We’ll start off with one of the most serious issues in hang gliding. …The nose angle throughout the entire launch. If you have had any issues of nose pops on launch, then these pointers may help.
First, let’s agree that there is nothing more important while launching, than launching correctly. What else could anyone possibly be concerned about?
A smart pilot will understand the necessary nose angle to fit the launch site and the wind conditions. A flat slope launch in no wind will require a higher nose angle than a cliff launch in strong wind. You should understand where you want your nose before you ever step up to launch with your glider. This should be part of your flight plan. If you are unsure, spend some time with a good instructor.
When looking at your launch and the wind conditions, also take note on the wind flow at different points of the launch run. Here at Lookout, our launch is a cliff launch that starts with a gentle flat run, like a flat slope. By the time a pilot has reached lift off point, the slope has steepened to a cliff launch. This indicates that a headwind would be blowing mostly horizontally on the top back portion of the ramp, but will be blowing upward, vertically out at the lower edge of the cliff. This means that the angle of attack changes the further out you get on the ramp. In this case, we want to have our nose angle and angle of attack lower to accommodate the upward flowing air on the end of the ramp. If you don’t understand this, stop by the shop and we can demonstrate in person.
After you have decided where you want your nose angle to be on launch, now we need to execute the plan. I have shown many people their nose angle on launch and very often, the nose angle is higher than they think from the very start. If your nose angle starts out high, it’s probably not going to get better. If you are in doubt, you can have a buddy or instructor check your nose angle for you. This can be done off to the side somewhere long before you are ready to launch.
Let’s talk about controlling the nose angle on the run. At this point it’s mostly a simple matter of paying attention and seeing it through all the way! Control the angle with your hands; drive the hang glider forward with your shoulders. Start slow and smooth, accelerate quickly. Control the nose angle while keeping the wing balanced. Much has been written and discussed about the proper grip during the run. That’s all good. I don’t need to rewrite all that here. It is extremely important to have a target. Choose a point on another mountain or across the horizon, but have something to keep your focus higher than the ground below you. I don’t want to rewrite the entire chapter on launching here, so let’s focus on an important point that some folks are missing.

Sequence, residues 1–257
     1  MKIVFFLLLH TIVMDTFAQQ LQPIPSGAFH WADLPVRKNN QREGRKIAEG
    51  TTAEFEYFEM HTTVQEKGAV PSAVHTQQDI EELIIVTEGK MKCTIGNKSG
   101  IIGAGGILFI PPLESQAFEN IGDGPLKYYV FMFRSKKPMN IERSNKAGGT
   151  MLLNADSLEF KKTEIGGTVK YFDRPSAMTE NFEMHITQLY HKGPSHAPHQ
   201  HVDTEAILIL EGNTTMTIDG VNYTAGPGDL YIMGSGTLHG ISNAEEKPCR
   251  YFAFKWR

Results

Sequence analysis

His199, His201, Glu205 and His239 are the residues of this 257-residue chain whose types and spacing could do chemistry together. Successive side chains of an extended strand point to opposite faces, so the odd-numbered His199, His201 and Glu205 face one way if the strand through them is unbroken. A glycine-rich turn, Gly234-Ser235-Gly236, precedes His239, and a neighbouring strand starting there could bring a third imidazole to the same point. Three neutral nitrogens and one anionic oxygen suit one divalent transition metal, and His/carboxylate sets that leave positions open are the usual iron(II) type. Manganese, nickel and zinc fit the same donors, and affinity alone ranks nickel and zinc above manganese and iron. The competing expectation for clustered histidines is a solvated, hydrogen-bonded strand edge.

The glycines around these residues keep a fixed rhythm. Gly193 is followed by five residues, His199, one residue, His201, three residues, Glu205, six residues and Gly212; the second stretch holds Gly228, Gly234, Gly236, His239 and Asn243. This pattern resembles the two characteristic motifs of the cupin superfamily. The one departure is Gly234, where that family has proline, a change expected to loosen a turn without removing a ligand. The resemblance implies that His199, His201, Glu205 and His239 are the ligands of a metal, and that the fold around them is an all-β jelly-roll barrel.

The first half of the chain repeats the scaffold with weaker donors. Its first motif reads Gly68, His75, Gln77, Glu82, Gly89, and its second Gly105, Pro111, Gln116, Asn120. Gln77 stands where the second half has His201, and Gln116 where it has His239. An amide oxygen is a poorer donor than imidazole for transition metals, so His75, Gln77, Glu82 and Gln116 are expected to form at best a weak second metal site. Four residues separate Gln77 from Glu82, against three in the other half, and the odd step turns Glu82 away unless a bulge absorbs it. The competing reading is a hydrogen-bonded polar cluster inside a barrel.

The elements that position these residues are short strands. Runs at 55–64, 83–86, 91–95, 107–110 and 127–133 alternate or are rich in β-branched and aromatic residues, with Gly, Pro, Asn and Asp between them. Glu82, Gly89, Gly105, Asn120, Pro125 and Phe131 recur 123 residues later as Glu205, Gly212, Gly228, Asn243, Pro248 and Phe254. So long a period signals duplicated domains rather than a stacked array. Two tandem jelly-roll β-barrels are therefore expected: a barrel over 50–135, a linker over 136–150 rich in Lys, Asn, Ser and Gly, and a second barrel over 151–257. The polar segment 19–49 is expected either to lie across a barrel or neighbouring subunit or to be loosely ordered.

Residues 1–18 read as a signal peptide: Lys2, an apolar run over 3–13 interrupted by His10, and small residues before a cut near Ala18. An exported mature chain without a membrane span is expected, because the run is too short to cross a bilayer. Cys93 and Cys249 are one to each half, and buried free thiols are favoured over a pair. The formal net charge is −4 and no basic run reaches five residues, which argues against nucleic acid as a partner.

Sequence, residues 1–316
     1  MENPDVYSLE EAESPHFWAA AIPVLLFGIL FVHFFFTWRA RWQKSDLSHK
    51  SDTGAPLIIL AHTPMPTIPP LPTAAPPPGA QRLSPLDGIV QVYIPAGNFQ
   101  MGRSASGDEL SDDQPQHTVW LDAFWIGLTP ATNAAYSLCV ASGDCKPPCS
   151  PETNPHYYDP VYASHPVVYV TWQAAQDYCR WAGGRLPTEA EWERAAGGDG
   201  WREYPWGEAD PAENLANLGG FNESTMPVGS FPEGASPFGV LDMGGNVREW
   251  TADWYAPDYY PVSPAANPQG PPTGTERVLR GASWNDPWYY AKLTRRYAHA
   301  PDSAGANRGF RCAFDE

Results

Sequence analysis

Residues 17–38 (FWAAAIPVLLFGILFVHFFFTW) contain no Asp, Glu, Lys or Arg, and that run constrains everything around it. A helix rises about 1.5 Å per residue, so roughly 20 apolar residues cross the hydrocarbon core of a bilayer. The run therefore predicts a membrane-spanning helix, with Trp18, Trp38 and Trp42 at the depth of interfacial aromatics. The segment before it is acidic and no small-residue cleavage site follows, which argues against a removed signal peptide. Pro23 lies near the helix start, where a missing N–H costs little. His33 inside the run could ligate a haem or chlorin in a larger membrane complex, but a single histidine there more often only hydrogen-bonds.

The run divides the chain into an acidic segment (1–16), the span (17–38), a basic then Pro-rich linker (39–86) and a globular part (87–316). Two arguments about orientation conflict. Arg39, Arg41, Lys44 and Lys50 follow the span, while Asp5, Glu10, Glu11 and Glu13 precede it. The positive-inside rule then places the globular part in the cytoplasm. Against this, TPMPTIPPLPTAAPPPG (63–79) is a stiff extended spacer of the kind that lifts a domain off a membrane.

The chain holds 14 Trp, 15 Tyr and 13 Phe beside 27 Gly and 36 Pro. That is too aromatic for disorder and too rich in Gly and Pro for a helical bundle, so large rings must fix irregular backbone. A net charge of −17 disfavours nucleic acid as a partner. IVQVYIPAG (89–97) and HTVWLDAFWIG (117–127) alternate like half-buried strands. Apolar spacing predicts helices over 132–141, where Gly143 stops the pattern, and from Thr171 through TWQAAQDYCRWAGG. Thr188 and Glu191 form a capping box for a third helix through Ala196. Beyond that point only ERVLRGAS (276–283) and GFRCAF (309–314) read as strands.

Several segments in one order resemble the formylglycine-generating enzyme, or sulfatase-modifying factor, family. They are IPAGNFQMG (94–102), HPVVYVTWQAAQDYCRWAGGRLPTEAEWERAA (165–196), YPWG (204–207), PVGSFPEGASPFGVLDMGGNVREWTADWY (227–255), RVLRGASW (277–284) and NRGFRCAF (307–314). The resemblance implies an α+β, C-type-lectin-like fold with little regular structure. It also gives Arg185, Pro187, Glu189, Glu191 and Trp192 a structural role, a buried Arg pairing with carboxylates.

The point is proper mental attitude and proper body attitude (posture) on the run. The mental attitude is very simply that you are going to control that wing until you have run at least 3 steps into the air toward your target. The launch is not over until you have at least 3 steps in the air. That means no jumping, no putting your feet in the harness, no diving to the base tube…until you have run 3 steps into the air. No looking at your buddy thermalling, no completely letting go of the down tubes, no turning down the ridge…until you have run 3 steps into the air toward your target. The simple act of mentally staying in launch mode longer (than you think you need) will ensure proper control of angle of attack at the last minute, when you need it the most.
We don’t hear much about body posture, but it may be the leading factor for nose pops. We know to drive with our shoulders and lean with our chest forward. I see some people not leaning forward enough, but more often, I see people leaning so far forward that their feet can’t keep up with them. This leads to falling into the glider prematurely and invariably pushing out on the down tubes, thus popping the nose. This usually happens just at the end of the ramp and therefore the cause may be blamed on simply pushing out or carelessness. Those are true statements, but not the root cause of this particular problem. The root cause is leaning too far forward and going prone too soon.
Instead, focus on running with your chest forward, but not facing downward. Run like you are on The Baywatch TV show. Once again, you can practice this on flat ground. If you are running so far forward that your feet can’t keep up, then you are headed for a poor launch, tripping, looking down and losing awareness of nose angle. As kids, we’ve all raced down a hill and tried to run so fast that our feet couldn’t keep up with our bodies. Down we went in a tumble. This is essentially what is happening to many pilots that jump into their glider on launch. This is going prone too soon. When this is the case, you may try to keep running 3 steps in the air, but it’s near impossible. And you can try not changing your grip, but it too is near impossible because your brain detects you falling face first and says push out! However, if you continue a body attitude that allows your feet to stay underneath you and keep running, than your leg straps will carry your weight. This leaves your hands available to fly the glider and not push out or bear your weight.
How do you know how much to lean forward. Just imagine what angle it would take you to run down that slope if it was slippery with no glider. When you run down a slippery slope, you lean forward enough to keep your feet from slipping out from under you. The steeper the slope the farther you can lean forward.
Focus on your launch. Understand your launch and conditions before you are hooked in. Keep your mental attitude and your body attitude in launch mode until after you have run 3 steps into the air. If you aren’t perfect, then practice. If you need help, just ask.